In a way, We Don’t Have To Take Our Clothes Off may be the biggest oxymoron for me on my countdown. Despite its sobering deeper message when released in 1986, all I wanted to do as a 15-year old, literally was take my clothes off. In conducting research for this series I stumped upon plenty of other 80s countdowns for comparison, including VH-1 and noticed this song wasn’t on any of them, except maybe a “worst” songs countdown


Rib me all you want and odds suggest you probably are, but this was an awesome song.  It’s lighthearted and far more fun that it should’ve ever been, yet laced with serious consequence and illness undertones.

Let’s discuss the latter first. We Don’t Have To Take Our Clothes Off has plenty to do with the 80s AIDS epidemic and is encumbered with the fear and loathing of having sex due tosexually transmitted diseases.  It’s never been revealed if Jermaine Stewart knew he was HIV Positive when he recorded this in 1986 , but he sadly succumbed to the disease about a decade later in 1997.

I don’t recall a song previous to this that flat-out endorsed abstinence. In that regards it’s a pioneer. For that reason alone it was different than anything else I was hearing on the radio. 

On a less serious side, it was an innocently fun singalong favorite at parties, even if everyone I knew was hypocritically banging away by then. Personally I found Stewart’s voice a bit nasally for my taste — perhaps why he was a one-hit wonder, but I have no shame confessing I consider We Don’t Have To Take Our Clothes Off a pleasurable, harmonious slice of mid’80s pop music.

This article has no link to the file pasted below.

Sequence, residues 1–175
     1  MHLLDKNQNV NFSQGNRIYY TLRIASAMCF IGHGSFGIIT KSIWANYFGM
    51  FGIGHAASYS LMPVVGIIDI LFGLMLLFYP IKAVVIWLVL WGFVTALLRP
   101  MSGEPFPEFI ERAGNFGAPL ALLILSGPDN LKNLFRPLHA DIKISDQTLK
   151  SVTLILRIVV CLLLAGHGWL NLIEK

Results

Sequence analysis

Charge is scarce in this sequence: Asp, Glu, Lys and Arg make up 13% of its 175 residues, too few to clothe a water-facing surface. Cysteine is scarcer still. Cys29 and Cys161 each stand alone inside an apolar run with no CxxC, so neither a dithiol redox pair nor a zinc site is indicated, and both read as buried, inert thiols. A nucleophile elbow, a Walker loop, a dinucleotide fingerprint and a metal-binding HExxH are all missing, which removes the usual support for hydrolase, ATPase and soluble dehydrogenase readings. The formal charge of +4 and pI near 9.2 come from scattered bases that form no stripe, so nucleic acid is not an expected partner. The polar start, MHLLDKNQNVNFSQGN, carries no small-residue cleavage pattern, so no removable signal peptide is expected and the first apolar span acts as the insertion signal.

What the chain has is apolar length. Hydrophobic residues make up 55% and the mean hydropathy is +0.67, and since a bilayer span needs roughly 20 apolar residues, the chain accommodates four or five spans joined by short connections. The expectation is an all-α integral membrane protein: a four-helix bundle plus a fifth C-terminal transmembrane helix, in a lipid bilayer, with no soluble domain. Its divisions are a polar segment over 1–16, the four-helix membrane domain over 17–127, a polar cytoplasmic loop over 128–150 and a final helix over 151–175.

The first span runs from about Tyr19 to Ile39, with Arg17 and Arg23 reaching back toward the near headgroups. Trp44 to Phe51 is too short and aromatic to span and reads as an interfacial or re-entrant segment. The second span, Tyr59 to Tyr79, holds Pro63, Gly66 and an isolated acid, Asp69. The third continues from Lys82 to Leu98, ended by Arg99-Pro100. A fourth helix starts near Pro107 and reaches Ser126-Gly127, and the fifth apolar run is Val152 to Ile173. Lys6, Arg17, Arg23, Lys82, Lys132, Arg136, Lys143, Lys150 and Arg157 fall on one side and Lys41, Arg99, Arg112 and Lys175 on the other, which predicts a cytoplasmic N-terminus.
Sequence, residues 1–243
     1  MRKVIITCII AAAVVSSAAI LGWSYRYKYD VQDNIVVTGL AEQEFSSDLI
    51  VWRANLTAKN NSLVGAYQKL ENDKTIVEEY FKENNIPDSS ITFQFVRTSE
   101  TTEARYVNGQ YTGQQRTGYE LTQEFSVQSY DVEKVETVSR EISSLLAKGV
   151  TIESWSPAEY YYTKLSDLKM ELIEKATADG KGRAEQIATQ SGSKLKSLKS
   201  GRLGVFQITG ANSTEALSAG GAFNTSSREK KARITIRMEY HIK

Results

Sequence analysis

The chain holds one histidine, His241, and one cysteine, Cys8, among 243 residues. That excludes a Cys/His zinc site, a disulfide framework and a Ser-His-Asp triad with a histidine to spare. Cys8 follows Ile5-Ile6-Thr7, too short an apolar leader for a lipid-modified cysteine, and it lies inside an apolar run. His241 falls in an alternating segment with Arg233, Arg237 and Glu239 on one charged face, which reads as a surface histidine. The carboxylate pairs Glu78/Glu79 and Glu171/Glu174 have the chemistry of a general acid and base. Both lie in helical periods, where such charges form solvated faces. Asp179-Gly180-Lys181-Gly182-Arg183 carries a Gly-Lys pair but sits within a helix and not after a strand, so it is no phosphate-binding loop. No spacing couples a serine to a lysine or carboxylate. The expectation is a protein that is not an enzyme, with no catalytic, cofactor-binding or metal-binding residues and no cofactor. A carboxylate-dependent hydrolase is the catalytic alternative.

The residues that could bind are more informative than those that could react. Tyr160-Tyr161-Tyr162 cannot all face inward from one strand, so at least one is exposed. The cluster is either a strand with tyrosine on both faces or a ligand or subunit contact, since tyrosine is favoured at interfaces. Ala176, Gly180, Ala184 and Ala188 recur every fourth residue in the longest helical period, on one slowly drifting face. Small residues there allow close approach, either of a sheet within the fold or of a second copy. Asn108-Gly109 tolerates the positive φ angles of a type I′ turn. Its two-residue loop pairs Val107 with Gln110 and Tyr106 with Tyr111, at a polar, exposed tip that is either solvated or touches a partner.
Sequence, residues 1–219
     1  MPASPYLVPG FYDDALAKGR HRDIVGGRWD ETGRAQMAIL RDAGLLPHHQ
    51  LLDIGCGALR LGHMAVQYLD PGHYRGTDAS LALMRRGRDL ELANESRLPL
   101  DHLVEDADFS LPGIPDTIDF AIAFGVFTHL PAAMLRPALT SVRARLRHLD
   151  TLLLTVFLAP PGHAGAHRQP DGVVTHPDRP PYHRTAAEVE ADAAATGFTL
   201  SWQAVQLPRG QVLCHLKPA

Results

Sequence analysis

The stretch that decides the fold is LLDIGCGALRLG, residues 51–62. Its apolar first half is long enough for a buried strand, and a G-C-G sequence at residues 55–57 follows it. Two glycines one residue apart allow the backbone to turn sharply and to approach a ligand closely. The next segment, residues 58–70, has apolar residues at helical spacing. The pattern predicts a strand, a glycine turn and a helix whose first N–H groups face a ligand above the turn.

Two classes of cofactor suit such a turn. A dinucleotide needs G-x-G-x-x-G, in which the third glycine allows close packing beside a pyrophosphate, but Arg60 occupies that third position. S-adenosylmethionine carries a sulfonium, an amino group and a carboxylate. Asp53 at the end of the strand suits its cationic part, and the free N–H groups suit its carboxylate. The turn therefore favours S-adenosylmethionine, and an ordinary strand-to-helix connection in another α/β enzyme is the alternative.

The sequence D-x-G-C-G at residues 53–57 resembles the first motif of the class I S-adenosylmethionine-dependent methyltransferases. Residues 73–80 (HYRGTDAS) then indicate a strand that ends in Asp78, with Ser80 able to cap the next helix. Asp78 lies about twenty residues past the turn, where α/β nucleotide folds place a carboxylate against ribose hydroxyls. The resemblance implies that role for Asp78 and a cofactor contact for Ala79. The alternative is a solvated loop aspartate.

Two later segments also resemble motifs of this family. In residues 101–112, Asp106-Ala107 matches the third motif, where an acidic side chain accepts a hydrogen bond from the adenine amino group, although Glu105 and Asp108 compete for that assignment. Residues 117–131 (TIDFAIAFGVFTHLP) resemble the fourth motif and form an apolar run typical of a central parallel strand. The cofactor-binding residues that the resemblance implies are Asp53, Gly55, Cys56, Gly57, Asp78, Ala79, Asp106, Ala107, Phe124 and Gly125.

It’s fluff, but great fluff.  Trust me, I know it’s not a tune rooted in masculinity.  By comparison it makes the Carpenters look like a couple ragers.

I don’t give a shit. Any song that makes me want to bust out some cherry wine while partying all night and keeping my clothing fully intact has my utmost respect.

Chart Success:  It peaked at number-five on the Billboard Hot 100 in the United States while reaching as high as two in both Canada and the U.K. It remained on the charts for 22 weeks and finished 1986 ranked 26th on the year-end Billboard Hot 100.

Great Lyrics:  These lyrics definitively suggest Stewart wasn’t having any part of the no-pants dance.    

“So come on baby, won’t you show some class
Why do you have to move so fast?
We don’t have to take our clothes off
To have a good time
Oh no
We could dance and party all night
And drink some cherry wine”

Fun Facts: Stewart’s was widely known as a one-hit wonder but actually charted on Billboard three other times. The Word Is Out hit No. 41 in 1984 and Jody got up to No. 42 in 1986.  His second-biggest “hit” was 1987’s Say It Again, which reached 27.  Also, all three of those songs sucked badly.

68. Bobby Brown – Don’t Be Cruel 

56. Michael Sembello – Maniac

55. Styx – Too Much Time On My Hands

54. Heart – Alone 

53. Olivia Newton John – Physical 

52. Loverboy – When It’s Over

51. The Time – Jungle Love

50 Michael Jackson – Thriller 

49. Marvin Gaye- Sexual Healing 

 48. Huey Lewis & The News – Do You Believe In Love

47. Madonna – Crazy For You

46. Hall & Oates – Maneater

45. Toto – Rosanna 

44. New Edition – Mr. Telephone Man

43. Bruce Springsteen – Born in the USA

42. Tears For Fears – Everybody Wants To Rule The World

41. Whitney Houston – I Wanna Dance With Somebody

40. Tiffany – Could’ve Been

39. Bruce Springsteen – Dancing In The Dark

38. Culture Club – Karma Chameleon

37. Christopher Cross – Sailing 

36. Go-Go’s – We Got The Beat

35. The Jets – Make It Real

34. Foreigner – I Want To Know What Love Is

33. Pat Benatar – Love Is A Battlefield

32. USA For Africa- We Are The World

31. Van Halen – Jump

30. Kenny Loggins – I’m Free (Heaven Helps The Man)

29. Dexys Midnite Runners – Come On Eileen

28.  J. Geils Band – Centerfold

27. Hall & Oates – Private Eyes

26. Madonna – Like A Virgin

25. New Edition – Cool It Now

24. Men At Work – Who Can It Be Now

23. Eddie Murphy – Party All The Time